Kid Rock: Ex-Rapper Wrapped In A Business Plan

We learned that there’s more to Kid Rock than meets the ear from Kelefa Sanneh’s fascinating “Badass American” profile of the “genre-jumping” musician “who got his start in hip-hop, went platinum with rap-rock, and then transitioned into country music” in the New Yorker last November. The Wall Street Journal this morning tells us that Rock’s got a “plan to change the economics of touring.” John Jurgensen talks to the straight shooter about his deal with Live Nation Entertainment to price tickets for his tour this summer at $20 for almost all seats (there are 1,000 “platinum” tickets per concert for $60 to $350). 



The strategy is somewhat reminiscent of another Motor City icon, Henry Ford, who also figured out a way to slash prices, increase sales and bring his product to the masses. And in negotiating a cut from the sale of every $4 beer and $20 T-shirt in lieu of a guarantee, Rick is also stealing a page from the “razor/razorblades” playbook of King Gillette, if you allow that a gathering of simpatico zealots constitutes a metaphorical razor. 

Rock, born Robert Jay Ritchie in 1971, now “sings more than he raps” after 25 years in the musical trenches and occasional high ground. He played at inauguration parties for both President Bush (2005) and Obama (2009) and was wooed successfully by Mitt Romney last year, who credited him with helping him win the key Michigan GOP primary, Sanneh informed us. He also “is known as a military booster, and a cheerleader for the city of Detroit.” 

On the less sedate side of the ledger, he is a notorious womanizer, partier and boozer who makes no apologies for his wanton ways. Indeed, he capitalizes on that party-hardy image, it would appear. When asked by Jurgensen if he has any idea how much beer his fans drink at his concerts, he replies: “When we sell out venues, we shatter records. I don't think it would be too much of a surprise to the general public that my fans drink tons of beer.”

“Realistically, Kid Rock couldn’t have expected to sell 20,000 tickets on his own at a normal ticket price,” Pollstar editor Gary BonGiovanni told Yahoo Music’s Jon Wiederhorn after the tour was announced in April. “This is clearly an effort to try to fill the places up.”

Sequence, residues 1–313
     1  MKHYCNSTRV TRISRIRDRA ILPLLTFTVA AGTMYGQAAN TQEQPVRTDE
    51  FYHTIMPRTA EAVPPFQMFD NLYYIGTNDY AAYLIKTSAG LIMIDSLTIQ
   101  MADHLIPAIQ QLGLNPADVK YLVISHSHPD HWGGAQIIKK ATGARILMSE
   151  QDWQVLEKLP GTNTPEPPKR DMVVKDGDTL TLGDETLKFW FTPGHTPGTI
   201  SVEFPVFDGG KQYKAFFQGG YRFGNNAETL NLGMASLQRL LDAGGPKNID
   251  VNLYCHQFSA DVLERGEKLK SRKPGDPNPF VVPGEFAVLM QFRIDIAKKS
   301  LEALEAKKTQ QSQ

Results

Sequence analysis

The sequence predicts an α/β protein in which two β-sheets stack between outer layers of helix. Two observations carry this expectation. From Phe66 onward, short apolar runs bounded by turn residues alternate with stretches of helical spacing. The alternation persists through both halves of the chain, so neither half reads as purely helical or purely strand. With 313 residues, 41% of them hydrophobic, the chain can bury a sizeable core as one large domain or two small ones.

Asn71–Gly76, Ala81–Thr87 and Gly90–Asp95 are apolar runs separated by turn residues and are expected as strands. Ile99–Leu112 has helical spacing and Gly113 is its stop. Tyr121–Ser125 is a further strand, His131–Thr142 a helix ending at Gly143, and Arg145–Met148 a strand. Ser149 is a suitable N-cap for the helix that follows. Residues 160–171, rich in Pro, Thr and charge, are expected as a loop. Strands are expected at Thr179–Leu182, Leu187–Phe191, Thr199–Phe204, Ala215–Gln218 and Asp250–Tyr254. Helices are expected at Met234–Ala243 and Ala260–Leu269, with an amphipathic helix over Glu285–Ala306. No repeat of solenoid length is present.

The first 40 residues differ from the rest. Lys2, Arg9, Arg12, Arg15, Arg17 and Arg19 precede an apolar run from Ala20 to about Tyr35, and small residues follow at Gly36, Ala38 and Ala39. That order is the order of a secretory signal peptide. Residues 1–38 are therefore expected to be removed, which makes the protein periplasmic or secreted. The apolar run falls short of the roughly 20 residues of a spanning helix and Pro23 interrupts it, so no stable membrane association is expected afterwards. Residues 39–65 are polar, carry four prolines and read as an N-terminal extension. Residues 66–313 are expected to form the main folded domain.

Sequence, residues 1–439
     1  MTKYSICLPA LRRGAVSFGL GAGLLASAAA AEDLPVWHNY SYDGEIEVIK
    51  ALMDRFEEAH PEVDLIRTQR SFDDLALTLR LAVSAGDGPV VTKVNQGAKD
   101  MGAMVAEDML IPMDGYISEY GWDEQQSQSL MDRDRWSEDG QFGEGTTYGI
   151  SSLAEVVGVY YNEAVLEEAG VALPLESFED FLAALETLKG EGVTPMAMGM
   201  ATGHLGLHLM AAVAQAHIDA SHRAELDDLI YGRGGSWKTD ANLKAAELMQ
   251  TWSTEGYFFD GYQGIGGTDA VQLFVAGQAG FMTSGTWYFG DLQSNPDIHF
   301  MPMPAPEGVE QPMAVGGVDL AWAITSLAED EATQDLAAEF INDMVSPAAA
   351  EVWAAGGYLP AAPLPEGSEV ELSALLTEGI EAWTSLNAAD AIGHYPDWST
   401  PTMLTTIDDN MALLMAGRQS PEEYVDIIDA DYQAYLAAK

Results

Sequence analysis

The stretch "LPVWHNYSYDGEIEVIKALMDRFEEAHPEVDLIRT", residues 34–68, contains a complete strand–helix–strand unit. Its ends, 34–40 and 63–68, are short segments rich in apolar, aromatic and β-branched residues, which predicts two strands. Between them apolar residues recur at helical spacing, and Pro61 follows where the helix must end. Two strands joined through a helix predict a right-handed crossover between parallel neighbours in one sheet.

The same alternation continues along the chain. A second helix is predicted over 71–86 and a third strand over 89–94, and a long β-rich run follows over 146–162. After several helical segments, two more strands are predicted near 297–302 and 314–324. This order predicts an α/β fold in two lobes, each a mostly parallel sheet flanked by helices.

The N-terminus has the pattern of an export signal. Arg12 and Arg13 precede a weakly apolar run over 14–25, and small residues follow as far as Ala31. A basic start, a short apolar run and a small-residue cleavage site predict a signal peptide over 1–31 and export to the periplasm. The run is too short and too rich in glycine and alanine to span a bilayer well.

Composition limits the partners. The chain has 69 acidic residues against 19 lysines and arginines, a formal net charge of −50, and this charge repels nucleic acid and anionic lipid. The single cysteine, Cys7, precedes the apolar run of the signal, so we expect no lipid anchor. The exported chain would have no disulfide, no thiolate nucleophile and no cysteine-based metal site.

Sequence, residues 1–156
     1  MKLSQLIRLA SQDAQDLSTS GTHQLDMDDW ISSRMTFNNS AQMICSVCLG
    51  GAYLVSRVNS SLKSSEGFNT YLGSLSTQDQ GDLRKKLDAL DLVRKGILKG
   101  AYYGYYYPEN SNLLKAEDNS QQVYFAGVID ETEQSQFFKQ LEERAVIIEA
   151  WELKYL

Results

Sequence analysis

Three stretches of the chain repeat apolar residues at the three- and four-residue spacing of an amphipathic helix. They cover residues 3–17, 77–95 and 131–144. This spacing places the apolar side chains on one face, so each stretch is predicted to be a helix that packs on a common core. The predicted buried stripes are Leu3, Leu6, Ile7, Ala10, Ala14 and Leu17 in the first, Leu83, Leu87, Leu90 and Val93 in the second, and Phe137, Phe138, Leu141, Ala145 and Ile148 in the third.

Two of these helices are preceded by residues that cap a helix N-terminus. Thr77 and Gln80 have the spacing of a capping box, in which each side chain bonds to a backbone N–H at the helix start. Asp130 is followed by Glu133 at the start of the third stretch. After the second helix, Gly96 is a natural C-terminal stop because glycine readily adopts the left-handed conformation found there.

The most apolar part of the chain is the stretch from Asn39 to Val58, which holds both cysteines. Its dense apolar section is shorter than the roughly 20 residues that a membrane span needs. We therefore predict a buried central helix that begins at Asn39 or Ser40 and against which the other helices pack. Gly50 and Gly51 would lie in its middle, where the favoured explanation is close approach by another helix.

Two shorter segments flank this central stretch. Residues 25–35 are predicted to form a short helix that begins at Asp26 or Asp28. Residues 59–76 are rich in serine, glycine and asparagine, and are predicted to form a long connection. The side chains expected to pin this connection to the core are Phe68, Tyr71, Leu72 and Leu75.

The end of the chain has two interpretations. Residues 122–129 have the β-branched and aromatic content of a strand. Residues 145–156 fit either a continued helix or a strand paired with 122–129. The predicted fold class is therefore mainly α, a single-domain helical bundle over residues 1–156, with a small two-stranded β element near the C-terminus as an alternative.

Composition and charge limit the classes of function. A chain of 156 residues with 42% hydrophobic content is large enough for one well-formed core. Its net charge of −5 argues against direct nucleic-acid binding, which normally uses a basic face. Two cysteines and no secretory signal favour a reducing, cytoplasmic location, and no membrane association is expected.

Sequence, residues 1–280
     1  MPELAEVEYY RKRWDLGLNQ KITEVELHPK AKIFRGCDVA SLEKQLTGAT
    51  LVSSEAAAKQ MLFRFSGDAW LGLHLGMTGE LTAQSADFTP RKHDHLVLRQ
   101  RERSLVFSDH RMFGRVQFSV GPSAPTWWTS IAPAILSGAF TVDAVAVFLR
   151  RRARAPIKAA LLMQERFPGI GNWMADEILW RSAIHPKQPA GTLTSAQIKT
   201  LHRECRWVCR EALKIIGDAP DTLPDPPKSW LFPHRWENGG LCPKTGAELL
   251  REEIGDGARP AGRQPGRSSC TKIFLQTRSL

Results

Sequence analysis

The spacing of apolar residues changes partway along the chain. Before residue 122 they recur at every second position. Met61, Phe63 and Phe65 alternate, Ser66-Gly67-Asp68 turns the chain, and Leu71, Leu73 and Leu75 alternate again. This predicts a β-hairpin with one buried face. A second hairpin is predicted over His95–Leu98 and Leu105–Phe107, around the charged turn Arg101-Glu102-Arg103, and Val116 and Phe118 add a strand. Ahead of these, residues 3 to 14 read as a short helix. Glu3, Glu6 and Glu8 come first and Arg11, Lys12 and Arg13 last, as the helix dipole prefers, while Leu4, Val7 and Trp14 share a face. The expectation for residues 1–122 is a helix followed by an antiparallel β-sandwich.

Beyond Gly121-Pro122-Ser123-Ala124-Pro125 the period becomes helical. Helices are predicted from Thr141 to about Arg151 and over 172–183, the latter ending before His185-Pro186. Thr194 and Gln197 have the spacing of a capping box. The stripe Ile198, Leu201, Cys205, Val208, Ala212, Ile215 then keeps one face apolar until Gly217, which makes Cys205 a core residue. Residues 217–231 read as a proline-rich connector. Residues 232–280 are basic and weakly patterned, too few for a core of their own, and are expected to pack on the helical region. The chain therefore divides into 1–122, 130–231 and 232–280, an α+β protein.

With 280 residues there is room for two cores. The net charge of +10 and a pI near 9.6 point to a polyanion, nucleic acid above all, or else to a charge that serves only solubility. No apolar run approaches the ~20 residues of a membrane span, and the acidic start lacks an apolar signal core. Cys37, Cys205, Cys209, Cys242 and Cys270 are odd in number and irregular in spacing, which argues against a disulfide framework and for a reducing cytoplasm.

Supporting acts such as ZZ Top (16 of the shows), Kool & The Gang (10) and Uncle Kracker (all) will help. But BonGiovanni says that Rock and Live Nation “stand to make back on beer whatever they may lose on ticket sales,” Wiederhorn wrote, quoting BonGiovanni:  “‘ZZ Top are a fairly expensive act in their own right,’ he said. ‘I imagine they’re gonna need to back up the beer trucks to the amphitheaters since the beers are $4.’”

Rock says he can’t discuss the specifics of the Live Nation deal but the more tickets he sells, the better the cut for him. And the more people in the arena, besides being an ego boost, the bigger the fan base becomes, he figures.

“I've heard the same story for 15, 20 years,” Rock tell Jurgensen: “‘I dragged my husband or my wife to the show, now they're a huge fan after they saw you play.’ Without a hit record out right now, the best thing I can do is get people in the building and make some fans for the long haul.”

That’s kind of like pharmaceutical detailers getting the family doctor to hand out free samples of your medication, no?

“Ritchie [Rock] has a phrase he uses to describe the way he deals with demands of the music industry,” Sanneh writes. You can find that phrase near the top of the third column on page 44 of the Nov. 19, 2012, issue. We’ll say only that it contains the verb “tickle” and the gerund “sucking.” A little less graphically, he tells Jorgensen that he doesn’t quite buy into the notion that Live Nation and Ticketmaster are riding the positive-PR train alongside him.

“I'm still painting Ticketmaster [a unit of Live Nation] as the bad guys,” he says. “I'm not over that hump yet, because they put a $5 service charge on my tickets. That's 25% of the ticket price. There's nothing wrong with making s—-tons of money, but you don't have to f— people over to do it.”

There is, indeed, more than one way to kill them softly, or not quite so softly, with your song.

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